African wildlife fear humans more than lions

Katharina Moser
African wildlife fear humans more than anything else - even more than Africa's apex predator, the lion.
The lion will probably have to give up its title as king of the proverbial jungle, a new study has shown that was recently published in the magazine Current Biology. According to this, humans cause greater levels of fear in animals than lions and other natural predators.
The study focused on animals at waterholes in South Africa's Kruger National Park and their response to various sounds in close proximity. The following sounds were compared: lions hissing and growling; women and men who speak calmly in the local language; hunting sounds; and control sounds from non-predators. All were broadcast at the same volume (60 dB) from about 10 meters away.
"The loudspeaker is activated when the animal walks by. It then hears this sound for 10 seconds, so we can see what the animal was doing before it heard the sound, what it does when it hears the sound, and also what it does after the sound stops," said lead author Liana Zanette, who studies the ecology of fear at Western University in Ontario, Canada.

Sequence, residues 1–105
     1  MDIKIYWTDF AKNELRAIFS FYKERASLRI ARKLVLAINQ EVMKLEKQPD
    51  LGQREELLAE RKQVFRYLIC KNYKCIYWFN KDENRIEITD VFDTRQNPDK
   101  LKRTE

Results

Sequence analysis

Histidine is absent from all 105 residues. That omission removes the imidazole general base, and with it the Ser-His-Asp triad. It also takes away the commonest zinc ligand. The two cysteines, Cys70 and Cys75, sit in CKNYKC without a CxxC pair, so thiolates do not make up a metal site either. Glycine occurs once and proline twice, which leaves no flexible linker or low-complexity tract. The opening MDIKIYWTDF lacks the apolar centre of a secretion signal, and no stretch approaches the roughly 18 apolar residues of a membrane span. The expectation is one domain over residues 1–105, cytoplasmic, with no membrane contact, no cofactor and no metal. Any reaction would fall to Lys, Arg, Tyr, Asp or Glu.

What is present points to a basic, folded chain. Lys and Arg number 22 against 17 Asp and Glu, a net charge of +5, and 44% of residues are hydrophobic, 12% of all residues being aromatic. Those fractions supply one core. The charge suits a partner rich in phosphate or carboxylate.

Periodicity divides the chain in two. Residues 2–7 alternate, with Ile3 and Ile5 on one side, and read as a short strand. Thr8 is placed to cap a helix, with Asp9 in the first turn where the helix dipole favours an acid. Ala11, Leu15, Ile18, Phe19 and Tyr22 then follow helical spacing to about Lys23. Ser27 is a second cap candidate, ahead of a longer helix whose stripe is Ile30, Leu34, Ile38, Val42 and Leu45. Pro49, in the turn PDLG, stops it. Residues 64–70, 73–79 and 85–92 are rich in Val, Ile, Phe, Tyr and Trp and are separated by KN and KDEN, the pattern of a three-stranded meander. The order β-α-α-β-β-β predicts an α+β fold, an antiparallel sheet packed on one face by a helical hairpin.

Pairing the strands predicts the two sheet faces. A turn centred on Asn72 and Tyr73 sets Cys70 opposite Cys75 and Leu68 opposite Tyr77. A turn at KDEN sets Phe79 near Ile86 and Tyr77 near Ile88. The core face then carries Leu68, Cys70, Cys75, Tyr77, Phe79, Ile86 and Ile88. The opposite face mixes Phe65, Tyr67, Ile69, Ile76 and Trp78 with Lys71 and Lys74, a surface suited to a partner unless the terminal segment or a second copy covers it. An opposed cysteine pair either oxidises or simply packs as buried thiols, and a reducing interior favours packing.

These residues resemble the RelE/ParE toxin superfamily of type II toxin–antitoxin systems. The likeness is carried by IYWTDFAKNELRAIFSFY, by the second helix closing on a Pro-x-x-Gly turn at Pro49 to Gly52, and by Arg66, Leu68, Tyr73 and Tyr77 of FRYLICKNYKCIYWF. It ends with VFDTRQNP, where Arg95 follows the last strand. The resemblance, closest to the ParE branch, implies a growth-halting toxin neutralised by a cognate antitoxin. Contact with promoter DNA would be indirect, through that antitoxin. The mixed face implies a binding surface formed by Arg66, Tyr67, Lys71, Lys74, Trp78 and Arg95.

The research found that animals such as giraffes, leopards, zebras, warthogs and hyenas were twice as likely to flee from human noises as from lion noises. They also left waterholes 40 percent faster in response to human stimuli than to a lion encounter, or even to barking dogs or hunting sounds such as gunfire.
"Our findings reinforce the growing experimental evidence that wildlife worldwide fear the human 'super predator' far more than other predators," the researchers said.
The new findings could also have implications for the tourism industry in Africa, where knowledge of the enormous Animals' fear of humans could be used for a better understanding of their behavior and for more animal-friendly tourism.